Business Mistakes to Avoid: Wearing Too Many Hats

We’ve all done it.  Entrepreneurs are passionate, busy people.  They are focused on so many things.  It may feel like you are supposed to, should be, or even forced to do it all yourself.  So many of us try to do it all – the new client prospecting, customer service, product design, billing, handling legal concerns.  Here’s the problem, No one is equipped to perfectly handle all of those positions, and mistakes are easily made.  Not only that, but studies show that trying to wear all these hats actually decreases our productivity and hurts your business.  Sometimes you just need to delegate.

Too many business owners try to save money by doing it all themselves and too many of them regret doing it later.  Here’s the hard truth, experts like attorneys or accountants, cost a lot because it takes an enormous amount of time to learn the trade and perform it competently.  Additionally, an expert usually takes on an enormous amount of liability when undertaking to perform expert tasks for your business.

In any business, there’s only so much money to go around.  You need to be strategic about where you spend it.  Law is a bit of a mirage too because it looks as if it should be easy.  I mean, come on, its written in English!  So, for example, if you don’t have a technical background, and you have to choose between designing your own website or drafting your own contract it might seem as if you should hire someone to design the website since you don’t know how to code, but you definitely understand English or you can at least print a contract template online for free and fill in the blanks.  Here’s the problem.  Legal English isn’t really English at all.  Legal documents use words in highly-specific non-obvious ways.  The courts are filled with cases that turn on the meaning of a single contract word.

For example: A researcher at Stanford University agreed to assign all his copyright and patent rights for his scientific inventions to Stanford.  However, rather than state that the employee “hereby assigns” all his right, title and interest to the inventions, the agreement stated that the employee “hereby agrees to assign.” See the difference? Pretty subtle, right? Would you even notice the difference if you downloaded the form? And if you did notice the difference, would you know what it means? So here’s what happened. As part of his research, the employee visited another lab where he had to sign a visitors agreement saying, in part, that he “hereby assigns” the patent to any inventions he created while visiting that lab. Stanford later filed to patent the researcher’s invention, but when Stanford sued to protect the patent from infringement, the court ruled that Stanford did not own the patent rights. The court held that the wording “agrees to assign” meant that the employee agreed to make an assignment at some point in the future, whereas “hereby assigns” means that the assignment has been made. Therefore, the lab owned the assigned patent, and could sue to enforce the patent rights, but Stanford (which had paid for the research) was out of luck. All because of a poorly drafted agreement.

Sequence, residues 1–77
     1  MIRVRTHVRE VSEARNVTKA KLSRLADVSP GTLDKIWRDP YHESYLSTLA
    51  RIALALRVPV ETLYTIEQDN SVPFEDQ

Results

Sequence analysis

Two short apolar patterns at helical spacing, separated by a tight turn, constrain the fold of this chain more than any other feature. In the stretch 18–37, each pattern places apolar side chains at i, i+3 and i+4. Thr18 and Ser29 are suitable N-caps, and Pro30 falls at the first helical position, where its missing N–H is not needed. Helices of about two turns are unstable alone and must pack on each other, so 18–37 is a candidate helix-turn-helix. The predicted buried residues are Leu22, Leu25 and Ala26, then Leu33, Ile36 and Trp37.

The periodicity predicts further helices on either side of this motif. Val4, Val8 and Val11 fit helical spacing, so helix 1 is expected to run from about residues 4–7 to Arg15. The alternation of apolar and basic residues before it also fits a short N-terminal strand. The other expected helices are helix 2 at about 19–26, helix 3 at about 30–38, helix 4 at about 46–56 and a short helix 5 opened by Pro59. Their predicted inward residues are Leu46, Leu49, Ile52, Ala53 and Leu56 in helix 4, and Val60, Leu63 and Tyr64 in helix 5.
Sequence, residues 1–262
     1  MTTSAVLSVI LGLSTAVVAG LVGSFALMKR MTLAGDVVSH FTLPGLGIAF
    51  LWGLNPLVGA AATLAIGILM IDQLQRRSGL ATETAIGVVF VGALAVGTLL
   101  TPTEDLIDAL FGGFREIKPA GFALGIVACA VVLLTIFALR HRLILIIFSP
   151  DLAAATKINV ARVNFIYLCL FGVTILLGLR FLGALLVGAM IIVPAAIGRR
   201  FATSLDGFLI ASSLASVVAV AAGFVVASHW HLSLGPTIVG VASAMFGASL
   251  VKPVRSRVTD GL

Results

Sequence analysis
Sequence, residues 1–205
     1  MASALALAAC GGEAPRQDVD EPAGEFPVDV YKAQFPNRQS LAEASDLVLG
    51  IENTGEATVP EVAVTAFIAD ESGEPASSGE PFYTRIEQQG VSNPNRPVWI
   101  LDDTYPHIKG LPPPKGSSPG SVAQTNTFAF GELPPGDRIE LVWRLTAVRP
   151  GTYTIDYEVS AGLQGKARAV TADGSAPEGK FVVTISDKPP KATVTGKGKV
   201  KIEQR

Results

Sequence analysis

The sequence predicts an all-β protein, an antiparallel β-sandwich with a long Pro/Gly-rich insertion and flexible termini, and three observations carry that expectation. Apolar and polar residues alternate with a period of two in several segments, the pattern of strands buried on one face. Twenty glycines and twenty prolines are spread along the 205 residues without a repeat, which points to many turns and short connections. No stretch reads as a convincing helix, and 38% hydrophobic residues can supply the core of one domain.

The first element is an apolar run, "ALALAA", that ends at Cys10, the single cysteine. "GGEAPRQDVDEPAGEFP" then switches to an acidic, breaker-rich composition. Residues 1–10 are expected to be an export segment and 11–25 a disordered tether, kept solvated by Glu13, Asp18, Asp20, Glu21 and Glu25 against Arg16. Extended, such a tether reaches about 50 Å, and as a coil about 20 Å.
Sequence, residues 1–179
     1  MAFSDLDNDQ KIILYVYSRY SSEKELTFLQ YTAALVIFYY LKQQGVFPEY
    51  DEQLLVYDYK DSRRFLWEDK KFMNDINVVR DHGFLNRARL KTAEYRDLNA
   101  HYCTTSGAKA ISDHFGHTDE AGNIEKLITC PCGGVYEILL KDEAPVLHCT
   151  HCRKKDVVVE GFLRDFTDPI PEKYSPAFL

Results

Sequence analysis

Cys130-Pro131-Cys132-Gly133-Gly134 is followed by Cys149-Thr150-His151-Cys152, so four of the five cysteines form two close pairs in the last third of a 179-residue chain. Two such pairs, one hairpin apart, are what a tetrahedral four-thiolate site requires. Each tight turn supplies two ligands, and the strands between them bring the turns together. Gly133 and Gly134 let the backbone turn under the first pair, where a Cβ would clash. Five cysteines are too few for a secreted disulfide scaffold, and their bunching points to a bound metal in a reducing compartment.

When a mistake is of the legal nature, the consequences can be huge.  Back to the coding example, if you make a mistake in your web code, your site will likely be non-functional, which gives you the opportunity to edit your code until you get it right, so you can learn by trial and error.  You can’t rely on trial and error for legal matters in your business.  If you make a legal mistake, you won’t catch it until you’re in legal trouble – and that will be a different kind of trial, and an entirely different magnitude of error.  Trying to save money and handle everything on your own almost guarantees that important issues will be overlooked.  You’ll be too busy juggling all of your different roles to make plans for what is supposed to happen next.


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